Zizi Kodwa, the Minister of Sports, Arts and Culture, welcomed the decision by the European Court of Human Rights which validates Caster Semenya’s “struggle to vindicate her human dignity and the request to protect women’s rights in sport”.
The Olympic 800 m champion won her appeal case in court on Tuesday. Semenya disputed the issue of whether her rights had been violated regarding a requirement that women with high testosterone levels be obliged to lower these levels with the use of medication.
The 32-year-old Semenya refuses to use medication that lowers her testosterone levels, as required by World Athletics.
The three-time world champion in middle distance races is classified as a DSD athlete, i.e. an athlete with “differences in sexual development”.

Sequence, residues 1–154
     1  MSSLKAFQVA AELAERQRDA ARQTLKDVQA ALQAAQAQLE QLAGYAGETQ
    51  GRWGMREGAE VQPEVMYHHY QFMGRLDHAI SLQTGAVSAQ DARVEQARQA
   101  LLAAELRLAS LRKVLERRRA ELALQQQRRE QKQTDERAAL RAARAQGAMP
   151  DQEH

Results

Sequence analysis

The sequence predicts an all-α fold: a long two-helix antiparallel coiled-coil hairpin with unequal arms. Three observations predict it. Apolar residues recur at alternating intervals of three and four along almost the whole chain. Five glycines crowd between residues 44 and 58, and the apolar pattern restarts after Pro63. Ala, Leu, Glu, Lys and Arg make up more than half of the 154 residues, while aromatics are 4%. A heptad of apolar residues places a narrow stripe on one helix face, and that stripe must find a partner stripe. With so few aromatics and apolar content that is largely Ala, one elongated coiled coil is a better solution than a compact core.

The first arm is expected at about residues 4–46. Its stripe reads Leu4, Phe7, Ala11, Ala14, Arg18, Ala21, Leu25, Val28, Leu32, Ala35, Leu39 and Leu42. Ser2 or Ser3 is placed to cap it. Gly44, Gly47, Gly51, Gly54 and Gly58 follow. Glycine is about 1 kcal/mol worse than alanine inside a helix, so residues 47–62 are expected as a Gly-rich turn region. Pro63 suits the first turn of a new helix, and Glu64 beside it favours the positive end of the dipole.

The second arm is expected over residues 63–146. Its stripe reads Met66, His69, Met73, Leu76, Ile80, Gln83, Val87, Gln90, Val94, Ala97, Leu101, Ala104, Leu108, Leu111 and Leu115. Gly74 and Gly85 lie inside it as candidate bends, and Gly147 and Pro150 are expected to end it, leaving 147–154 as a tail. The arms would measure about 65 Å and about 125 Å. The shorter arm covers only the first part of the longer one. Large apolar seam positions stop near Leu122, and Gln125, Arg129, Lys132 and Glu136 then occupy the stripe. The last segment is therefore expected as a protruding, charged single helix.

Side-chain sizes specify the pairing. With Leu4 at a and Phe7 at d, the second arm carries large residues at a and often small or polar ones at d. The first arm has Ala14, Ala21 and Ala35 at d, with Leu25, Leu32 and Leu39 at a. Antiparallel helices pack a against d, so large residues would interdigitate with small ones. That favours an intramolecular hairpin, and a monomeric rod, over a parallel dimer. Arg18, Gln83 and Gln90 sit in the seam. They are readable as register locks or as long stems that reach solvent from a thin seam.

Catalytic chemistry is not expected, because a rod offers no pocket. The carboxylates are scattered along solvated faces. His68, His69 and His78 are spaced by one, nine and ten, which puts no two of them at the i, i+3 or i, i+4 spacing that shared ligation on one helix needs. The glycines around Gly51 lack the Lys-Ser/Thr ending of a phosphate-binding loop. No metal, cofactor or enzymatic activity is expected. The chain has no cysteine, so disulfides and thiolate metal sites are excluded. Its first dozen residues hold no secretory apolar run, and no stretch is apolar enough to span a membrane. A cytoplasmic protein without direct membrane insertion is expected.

“As a double Olympic champion and triple World Champion, Caster Semenya has repeatedly demonstrated excellence and dignity – on and off the court,” says Kodwa. “Caster has done this throughout her career while being subjected to offensive treatment. This prevented her from participating in her favorite items. The fight to make sure Caster can participate in her favorite events continues, but the ruling by the European Court is a clear sign of the discrimination Caster has faced.”
Kodwa says he has repeatedly argued that women’s rights are human rights. “As the South African government, we will continue to support Caster and Athletics South Africa in the fight for the dignity of female athletes.”